An urban, public, and digital historian Tebeau has directed more than two dozen digital humanties, oral history, and public history projects.
The history faculty offers undergraduate training in four primary fields and graduate training in five primary fields. In addition, there are active clusters of faculty working in certain special or research areas, some of which cross geographic field boundaries.
Katherine M. B. Osburn is an ethnohistorian focusing on gender, race, and identity. She has published articles on the Navajos, the Southern Utes, and the Mississippi Choctaws in a variety of scholarly journals and edited collections. Her first monograph, Southern Ute Women: Autonomy and Assimilation on the Reservation, 1885-1934, analyzed how Ute women responded to gendered assimilationist policies and is in its second edition. Her current manuscript, Choctaw Resurgence in Mississippi: Race, Class, and Nation Building in the
I am a historian of nineteenth-century American history, espeically slavery and economic development. In 2008 I earned a Ph.D. from the University of Virginia and joined the history faculty at ASU. Before that I earned degrees from Harvard Divinity School and St. Mary’s College of Maryland. My research has been funded by fellowships and grants from the Smithsonian, Huntington Library, Gilder Lehrman Center, American Philosophical Society, and the Virginia Foundation for the Humanities, among other organizations.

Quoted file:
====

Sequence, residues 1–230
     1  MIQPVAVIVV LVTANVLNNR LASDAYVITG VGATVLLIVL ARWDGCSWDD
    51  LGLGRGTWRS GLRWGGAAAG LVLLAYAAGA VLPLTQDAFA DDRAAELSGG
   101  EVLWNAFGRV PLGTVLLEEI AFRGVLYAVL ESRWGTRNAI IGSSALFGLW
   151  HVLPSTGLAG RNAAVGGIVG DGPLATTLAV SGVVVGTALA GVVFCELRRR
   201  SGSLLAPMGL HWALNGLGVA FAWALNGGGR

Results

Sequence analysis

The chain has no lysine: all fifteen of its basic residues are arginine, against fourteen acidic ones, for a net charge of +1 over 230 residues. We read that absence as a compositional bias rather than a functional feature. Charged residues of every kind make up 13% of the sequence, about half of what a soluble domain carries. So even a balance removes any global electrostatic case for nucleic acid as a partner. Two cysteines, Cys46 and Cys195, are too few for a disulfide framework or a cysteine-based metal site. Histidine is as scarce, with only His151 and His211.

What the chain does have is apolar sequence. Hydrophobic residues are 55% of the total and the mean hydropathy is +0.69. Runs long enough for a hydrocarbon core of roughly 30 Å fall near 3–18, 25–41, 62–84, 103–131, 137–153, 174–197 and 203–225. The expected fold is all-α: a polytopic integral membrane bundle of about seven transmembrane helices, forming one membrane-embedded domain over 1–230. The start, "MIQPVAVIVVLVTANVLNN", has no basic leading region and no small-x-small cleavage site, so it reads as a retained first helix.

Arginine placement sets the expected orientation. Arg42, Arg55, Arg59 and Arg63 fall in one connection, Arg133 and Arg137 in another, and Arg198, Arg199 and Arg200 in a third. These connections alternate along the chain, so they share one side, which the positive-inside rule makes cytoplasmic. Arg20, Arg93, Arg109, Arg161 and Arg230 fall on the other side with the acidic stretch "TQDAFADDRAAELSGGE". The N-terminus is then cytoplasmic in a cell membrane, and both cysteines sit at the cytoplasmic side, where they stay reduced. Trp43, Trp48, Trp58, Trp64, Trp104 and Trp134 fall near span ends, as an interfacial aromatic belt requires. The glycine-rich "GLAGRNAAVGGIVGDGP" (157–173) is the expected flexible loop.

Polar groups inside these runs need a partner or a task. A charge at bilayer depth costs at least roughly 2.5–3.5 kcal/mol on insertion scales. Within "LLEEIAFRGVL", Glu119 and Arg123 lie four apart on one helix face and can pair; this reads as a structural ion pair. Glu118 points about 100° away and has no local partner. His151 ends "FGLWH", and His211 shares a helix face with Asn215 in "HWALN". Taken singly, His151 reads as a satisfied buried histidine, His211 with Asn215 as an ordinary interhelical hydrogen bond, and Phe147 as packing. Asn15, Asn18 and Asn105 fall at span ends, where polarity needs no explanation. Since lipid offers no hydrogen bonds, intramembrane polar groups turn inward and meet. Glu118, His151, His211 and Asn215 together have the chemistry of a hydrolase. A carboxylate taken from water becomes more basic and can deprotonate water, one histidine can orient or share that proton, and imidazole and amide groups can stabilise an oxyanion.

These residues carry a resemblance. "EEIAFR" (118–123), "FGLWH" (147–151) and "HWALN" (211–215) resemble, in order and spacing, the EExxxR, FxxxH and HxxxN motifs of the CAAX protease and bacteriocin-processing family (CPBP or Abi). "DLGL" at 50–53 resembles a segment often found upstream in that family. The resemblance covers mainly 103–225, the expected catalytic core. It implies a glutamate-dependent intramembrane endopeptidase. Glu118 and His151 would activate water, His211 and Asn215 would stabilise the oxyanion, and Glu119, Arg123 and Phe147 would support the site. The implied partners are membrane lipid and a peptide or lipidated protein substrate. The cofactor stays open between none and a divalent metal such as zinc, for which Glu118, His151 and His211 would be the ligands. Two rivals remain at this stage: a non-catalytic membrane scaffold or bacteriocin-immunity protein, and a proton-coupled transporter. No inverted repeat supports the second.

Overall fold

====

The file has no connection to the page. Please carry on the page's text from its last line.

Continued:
A native of New England, Laurie Manchester received her Ph.D. in history from Columbia University. She is a historian of Russia, and travels there every year to work in archives and conduct oral interviews. She is the author of Holy Fathers, Secular Sons: Clergy, Intelligentsia, and the Modern Self in Revolutionary Russia. and has published articles in The Journal of Modern History, Kritika: Explorations in Russian and Eurasian History, Jahrbücher für Geschichte Osteuropas,
Donald T. Critchlow serves as Director of the ASU Center for Political Thought and Leadership. The Center's mission is to promote a greater understanding of the foundations of democratic society through undergraduate education, scholarly research, and civic involvement. The Center sponsors public lectures, academic seminars, internships, and scholarly research projects. The Center supports post-doctoral programs, an undergraduate certificate program in Political Thought and Leadership, the Journal of Policy History, student